The brave new world of global finance is getting braver. Real-time and near-real-time payments systems have changed the very fabric of online commerce. More than 30 countries have real-time payment processes of some kind already, several of which have been in use for decades. So why is the U.S. just now getting onboard?
There are many reasons other countries already have new payment platforms in place, like Faster Payments in the U.K. or Singapore’s FAST electronic funds transfer service. One of those reasons is the sheer number of our financial institutions compared to the rest of the world — the U.S. has roughly 5,300 commercial banks and more than 6,000 credit unions. Another reason is our complicated regulations process.
Innovation Meets U.S. Regulation
A big standout at the 2016 Money20/20 conference was “Balancing Blockchain Public Policy: Thoughtful Regulation Without Stifling Innovation.” A panel of experts compared the U.S.’s complicated regulatory system with the more efficient system in place in the U.K.
One of the panelists at last year’s conference was John Beccia, who is general counsel and CCO of the blockchain-based, person-to-person payments provider Circle. Beccia explained how Circle became licensed as a money transmitter in all 50 U.S. states over the course of two years, while it only took 90 days in the U.K. One reason was better communication channels with the U.K.’s Financial Conduct Authority (FCA). But the bigger reason was the U.S.’s complex regulatory process: We have 50 regulators (one in each state) plus more than 20 federal agencies that all need to provide approval in order to implement a real-time payments restructuring. The U.K. has one single agency.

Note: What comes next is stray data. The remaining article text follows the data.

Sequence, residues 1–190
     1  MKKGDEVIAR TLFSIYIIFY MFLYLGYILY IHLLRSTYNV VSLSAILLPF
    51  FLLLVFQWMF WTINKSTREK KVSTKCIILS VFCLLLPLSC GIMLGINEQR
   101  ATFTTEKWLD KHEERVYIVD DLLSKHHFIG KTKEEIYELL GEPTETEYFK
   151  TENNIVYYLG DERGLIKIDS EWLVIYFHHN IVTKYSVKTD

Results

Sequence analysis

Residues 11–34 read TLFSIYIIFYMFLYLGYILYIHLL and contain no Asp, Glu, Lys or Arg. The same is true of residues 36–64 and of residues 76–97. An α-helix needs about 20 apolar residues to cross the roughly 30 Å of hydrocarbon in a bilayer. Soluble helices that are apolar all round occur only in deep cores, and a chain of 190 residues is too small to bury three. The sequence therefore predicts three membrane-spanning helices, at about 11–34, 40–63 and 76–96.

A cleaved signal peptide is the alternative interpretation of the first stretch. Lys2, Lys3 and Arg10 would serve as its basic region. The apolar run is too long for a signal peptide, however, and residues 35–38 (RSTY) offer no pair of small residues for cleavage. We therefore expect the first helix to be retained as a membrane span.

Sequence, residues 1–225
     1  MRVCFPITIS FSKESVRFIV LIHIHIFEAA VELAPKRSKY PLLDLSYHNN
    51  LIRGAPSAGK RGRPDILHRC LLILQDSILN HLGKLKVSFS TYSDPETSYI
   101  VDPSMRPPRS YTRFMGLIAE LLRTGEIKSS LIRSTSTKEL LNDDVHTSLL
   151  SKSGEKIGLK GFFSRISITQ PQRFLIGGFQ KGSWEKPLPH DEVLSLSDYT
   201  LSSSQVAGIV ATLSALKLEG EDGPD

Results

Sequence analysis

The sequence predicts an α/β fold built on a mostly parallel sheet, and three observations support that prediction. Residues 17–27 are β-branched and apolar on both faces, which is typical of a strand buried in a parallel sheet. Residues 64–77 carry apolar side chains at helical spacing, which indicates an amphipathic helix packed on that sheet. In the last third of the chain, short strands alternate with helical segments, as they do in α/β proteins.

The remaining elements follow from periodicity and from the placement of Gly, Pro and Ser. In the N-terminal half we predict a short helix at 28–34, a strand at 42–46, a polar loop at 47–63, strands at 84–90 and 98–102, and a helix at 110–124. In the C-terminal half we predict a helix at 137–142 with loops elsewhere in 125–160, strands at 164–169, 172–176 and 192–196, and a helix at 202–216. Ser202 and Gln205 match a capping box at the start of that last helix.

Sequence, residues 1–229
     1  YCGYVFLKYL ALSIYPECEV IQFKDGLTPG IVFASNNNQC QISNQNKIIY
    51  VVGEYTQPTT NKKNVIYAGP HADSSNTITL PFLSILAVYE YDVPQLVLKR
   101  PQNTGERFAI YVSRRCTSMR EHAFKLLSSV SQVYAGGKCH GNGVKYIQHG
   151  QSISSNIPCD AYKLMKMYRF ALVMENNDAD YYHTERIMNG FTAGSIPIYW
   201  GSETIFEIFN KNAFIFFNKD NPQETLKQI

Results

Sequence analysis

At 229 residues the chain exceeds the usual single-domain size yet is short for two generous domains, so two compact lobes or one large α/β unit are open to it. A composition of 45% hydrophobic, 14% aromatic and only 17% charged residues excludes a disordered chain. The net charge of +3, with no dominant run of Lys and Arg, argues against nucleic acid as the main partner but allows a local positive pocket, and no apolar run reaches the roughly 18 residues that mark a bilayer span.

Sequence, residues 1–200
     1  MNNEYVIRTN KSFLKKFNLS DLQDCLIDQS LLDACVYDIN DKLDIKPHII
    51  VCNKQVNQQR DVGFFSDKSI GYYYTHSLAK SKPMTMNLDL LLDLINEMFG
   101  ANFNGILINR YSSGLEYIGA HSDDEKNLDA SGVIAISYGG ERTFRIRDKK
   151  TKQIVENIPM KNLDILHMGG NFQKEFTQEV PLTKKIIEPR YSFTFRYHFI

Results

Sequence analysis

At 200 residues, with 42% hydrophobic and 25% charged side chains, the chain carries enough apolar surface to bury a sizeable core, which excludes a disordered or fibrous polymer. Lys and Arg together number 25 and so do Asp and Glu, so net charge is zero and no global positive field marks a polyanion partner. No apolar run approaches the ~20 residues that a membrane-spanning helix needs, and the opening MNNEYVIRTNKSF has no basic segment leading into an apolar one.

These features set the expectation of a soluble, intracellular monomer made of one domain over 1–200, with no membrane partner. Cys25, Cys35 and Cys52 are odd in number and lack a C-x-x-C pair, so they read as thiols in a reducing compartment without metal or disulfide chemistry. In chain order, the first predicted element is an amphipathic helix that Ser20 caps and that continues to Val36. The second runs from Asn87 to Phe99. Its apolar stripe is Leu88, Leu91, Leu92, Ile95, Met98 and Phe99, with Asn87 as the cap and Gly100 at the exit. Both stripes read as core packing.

This efficient FCA approval process gives the U.K. the advantage. By August of last year, the FCA evaluated 177 startups for approval, and 40 of them were given the green light for further consideration.
The EU and PSD2
Many in the financial world consider the European Union’s Payment Services Directive the gold standard in real-time payments technology because it allows providers to access account data from banks in seconds. Now known as PSD2 after a wave of improvements, this upgraded version replaces 2007’s PSD and is designed to stay ahead of, or at least parallel to, the constantly changing world of payment technology.
The majority of Europe is already onboard with these streamlining banking upgrades as well, with countries like Spain, Denmark, Sweden, Poland, and the Netherlands putting real-time payments services into practice nationally.
Switzerland isn’t on that list because the Swiss National Bank has been ahead of the curve since 1987 when it introduced its 24-hour payment-processing SIC system and revolutionized the world of pre-internet banking.
One area that remains unclear is the effects of Brexit on PSD2. British policy could go in several directions, such as re-joining the European Economic Area or the European Free Trade Area, both of which would allow the UK to remain somewhat close to the rest of Europe. Alternatively, the UK could deal with the EU via WTO rules, entering into bilateral agreements with the Union as they would with any other foreign state.